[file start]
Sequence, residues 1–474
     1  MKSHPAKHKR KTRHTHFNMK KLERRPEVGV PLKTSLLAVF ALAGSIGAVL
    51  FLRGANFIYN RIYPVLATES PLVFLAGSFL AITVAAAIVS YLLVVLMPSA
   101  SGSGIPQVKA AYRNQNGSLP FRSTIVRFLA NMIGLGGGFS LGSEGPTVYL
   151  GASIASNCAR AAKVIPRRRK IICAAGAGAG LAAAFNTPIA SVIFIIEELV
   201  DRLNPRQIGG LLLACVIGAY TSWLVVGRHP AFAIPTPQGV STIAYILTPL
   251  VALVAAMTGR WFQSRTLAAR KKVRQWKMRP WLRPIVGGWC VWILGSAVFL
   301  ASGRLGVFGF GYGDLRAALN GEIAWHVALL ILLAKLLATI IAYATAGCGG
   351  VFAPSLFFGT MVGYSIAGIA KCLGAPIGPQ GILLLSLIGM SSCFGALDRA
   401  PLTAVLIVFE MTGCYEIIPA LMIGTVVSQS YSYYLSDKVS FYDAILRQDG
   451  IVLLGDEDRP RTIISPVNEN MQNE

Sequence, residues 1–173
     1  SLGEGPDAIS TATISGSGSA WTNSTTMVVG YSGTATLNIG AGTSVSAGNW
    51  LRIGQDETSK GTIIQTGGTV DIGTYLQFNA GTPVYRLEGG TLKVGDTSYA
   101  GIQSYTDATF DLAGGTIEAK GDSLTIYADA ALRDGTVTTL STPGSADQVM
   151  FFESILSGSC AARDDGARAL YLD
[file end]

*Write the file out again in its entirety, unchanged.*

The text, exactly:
Sequence, residues 1–474
     1  MKSHPAKHKR KTRHTHFNMK KLERRPEVGV PLKTSLLAVF ALAGSIGAVL
    51  FLRGANFIYN RIYPVLATES PLVFLAGSFL AITVAAAIVS YLLVVLMPSA
   101  SGSGIPQVKA AYRNQNGSLP FRSTIVRFLA NMIGLGGGFS LGSEGPTVYL
   151  GASIASNCAR AAKVIPRRRK IICAAGAGAG LAAAFNTPIA SVIFIIEELV
   201  DRLNPRQIGG LLLACVIGAY TSWLVVGRHP AFAIPTPQGV STIAYILTPL
   251  VALVAAMTGR WFQSRTLAAR KKVRQWKMRP WLRPIVGGWC VWILGSAVFL
   301  ASGRLGVFGF GYGDLRAALN GEIAWHVALL ILLAKLLATI IAYATAGCGG
   351  VFAPSLFFGT MVGYSIAGIA KCLGAPIGPQ GILLLSLIGM SSCFGALDRA
   401  PLTAVLIVFE MTGCYEIIPA LMIGTVVSQS YSYYLSDKVS FYDAILRQDG
   451  IVLLGDEDRP RTIISPVNEN MQNE

Sequence, residues 1–173
     1  SLGEGPDAIS TATISGSGSA WTNSTTMVVG YSGTATLNIG AGTSVSAGNW
    51  LRIGQDETSK GTIIQTGGTV DIGTYLQFNA GTPVYRLEGG TLKVGDTSYA
   101  GIQSYTDATF DLAGGTIEAK GDSLTIYADA ALRDGTVTTL STPGSADQVM
   151  FFESILSGSC AARDDGARAL YLD